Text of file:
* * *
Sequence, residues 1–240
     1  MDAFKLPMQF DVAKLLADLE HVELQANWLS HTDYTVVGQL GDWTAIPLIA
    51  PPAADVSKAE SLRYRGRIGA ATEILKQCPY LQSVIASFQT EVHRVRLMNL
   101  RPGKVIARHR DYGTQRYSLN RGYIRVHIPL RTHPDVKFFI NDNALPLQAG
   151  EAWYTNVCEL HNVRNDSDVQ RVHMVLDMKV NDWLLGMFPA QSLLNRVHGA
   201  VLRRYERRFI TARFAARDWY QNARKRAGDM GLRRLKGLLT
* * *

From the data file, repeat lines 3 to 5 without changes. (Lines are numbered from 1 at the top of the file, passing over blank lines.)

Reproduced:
    51  PPAADVSKAE SLRYRGRIGA ATEILKQCPY LQSVIASFQT EVHRVRLMNL
   101  RPGKVIARHR DYGTQRYSLN RGYIRVHIPL RTHPDVKFFI NDNALPLQAG
   151  EAWYTNVCEL HNVRNDSDVQ RVHMVLDMKV NDWLLGMFPA QSLLNRVHGA